Syrian men, women and children, refugees impacted by the civil war that has raged for four years in their country, lined the cold stairwell leading to a registration room where Korean doctors waited to attend them. Some had come from miles away to receive medical care from the team, members of a South Korean Baptist church holding their first clinic in the Middle East.
The team spent one day in Zaatari, Jordan’s largest refugee camp, and two days at a local clinic.
A pediatrician from a South Korean Baptist church examines a Syrian girl's leg at Zaatari refugee camp in Jordan. The team spent three days offering free medical care to hundreds of refugees.
The need for a medical clinic first became apparent to the Korean Baptists last year, when their church donated caravans for Zaatari refugees to use as housing. The volunteers were struck by the sheer number of refugees, none of whom appear to have access to regular medical care in Jordan.
The doctors – two dentists, two internists, a general surgeon and a pediatrician – utilized their specific skills to meet a wide range of medical needs. During the course of three days last month, they saw more than 700 refugees.
Joseph Kim, team leader, said Koreans have a special love for victims of civil war. Many members of the team grew up in the aftermath of the Korean War that tore the country apart in the 1950s. Their country has since grown into a fully-developed nation, and they said they want to show Syrians that Syria can do the same.
The pediatrician on the trip said he sees Korea’s development as a blessing from God and feels a sense of responsibility to bless the refugees in turn. God’s blessings, he said, are not meant to be kept to one’s self.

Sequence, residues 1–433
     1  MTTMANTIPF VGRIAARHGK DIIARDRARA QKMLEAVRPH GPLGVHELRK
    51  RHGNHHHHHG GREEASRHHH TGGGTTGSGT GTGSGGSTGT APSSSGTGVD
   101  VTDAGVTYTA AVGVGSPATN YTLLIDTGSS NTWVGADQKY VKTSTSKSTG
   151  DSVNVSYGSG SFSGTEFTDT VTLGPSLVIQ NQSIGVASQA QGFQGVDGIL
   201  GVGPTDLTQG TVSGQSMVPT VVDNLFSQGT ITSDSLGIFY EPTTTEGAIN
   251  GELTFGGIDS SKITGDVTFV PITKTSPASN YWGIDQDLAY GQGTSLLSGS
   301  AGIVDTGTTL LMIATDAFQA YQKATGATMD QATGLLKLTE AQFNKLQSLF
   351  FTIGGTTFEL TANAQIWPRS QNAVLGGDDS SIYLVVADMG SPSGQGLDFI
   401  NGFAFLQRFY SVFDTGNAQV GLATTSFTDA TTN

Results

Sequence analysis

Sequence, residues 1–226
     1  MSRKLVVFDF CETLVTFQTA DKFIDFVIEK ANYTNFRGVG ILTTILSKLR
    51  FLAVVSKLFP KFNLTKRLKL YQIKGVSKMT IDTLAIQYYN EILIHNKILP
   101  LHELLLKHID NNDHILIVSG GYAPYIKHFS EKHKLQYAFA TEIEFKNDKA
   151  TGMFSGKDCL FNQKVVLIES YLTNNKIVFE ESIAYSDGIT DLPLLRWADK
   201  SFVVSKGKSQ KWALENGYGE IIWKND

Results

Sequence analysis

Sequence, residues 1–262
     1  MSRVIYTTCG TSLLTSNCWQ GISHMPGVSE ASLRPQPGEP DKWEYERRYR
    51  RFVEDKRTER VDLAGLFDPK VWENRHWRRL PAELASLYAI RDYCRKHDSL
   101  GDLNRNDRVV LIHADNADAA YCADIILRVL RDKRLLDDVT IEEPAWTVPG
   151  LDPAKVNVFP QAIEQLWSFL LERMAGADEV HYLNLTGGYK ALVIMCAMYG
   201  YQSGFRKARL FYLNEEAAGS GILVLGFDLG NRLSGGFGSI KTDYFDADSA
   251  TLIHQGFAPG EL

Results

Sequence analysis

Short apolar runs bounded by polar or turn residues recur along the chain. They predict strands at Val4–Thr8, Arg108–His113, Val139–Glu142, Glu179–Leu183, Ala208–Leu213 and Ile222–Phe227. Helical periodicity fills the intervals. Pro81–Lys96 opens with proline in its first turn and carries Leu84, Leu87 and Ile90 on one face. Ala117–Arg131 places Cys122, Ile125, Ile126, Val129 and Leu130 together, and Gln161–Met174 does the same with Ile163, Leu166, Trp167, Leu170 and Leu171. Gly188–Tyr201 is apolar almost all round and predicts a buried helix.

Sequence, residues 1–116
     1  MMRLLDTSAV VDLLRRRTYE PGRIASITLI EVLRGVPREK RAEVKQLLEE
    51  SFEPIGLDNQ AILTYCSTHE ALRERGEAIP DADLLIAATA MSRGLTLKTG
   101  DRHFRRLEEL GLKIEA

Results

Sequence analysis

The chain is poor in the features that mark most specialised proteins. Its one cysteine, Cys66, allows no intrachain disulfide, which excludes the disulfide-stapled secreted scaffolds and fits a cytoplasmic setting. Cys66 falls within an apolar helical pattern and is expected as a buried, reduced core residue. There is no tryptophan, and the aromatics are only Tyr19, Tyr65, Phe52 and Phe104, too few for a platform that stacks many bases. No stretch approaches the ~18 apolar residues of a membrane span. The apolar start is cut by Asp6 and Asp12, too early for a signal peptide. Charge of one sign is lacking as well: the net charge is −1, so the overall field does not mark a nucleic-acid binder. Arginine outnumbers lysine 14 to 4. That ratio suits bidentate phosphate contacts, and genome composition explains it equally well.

“If you just keep all your blessings inside yourself, it’s going to become like [the] Dead Sea,” he said. The Jordan River flows into the Dead Sea, which borders Jordan and Israel, but the sea has no outlet. Its waters have a high concentration of minerals, and virtually nothing can live there.
Refugees appeared to respond positively to the Korean doctors. The team’s pediatrician hopes this clinic will be the first of many. He encourages other doctors, both Koreans and Westerners, to consider short-term trips like this one, and would love to see doctors come for a couple of years at a time.
He warns against thinking the Syrian crisis is almost over, predicting that the effects will carry on for years, even after the war officially ends. He urges people not to keep waiting for the “right moment,” but to act now.
“Today is the time,” he said. “This is the place.”
Pray that doctors and other believers worldwide will respond in helpful ways to the Syrian crisis.
Pray the South Korean team’s church will be able to continue sending medical volunteers to work among Syrian refugees.
Ask God to provide doctors willing to work among refugees for a couple of years at a time.
For information about helping assist Syrian refugees, visit Baptist Global Response.
(EDITOR’S NOTE – Brian Andrews is a writer for the London Bureau of Baptist Press.)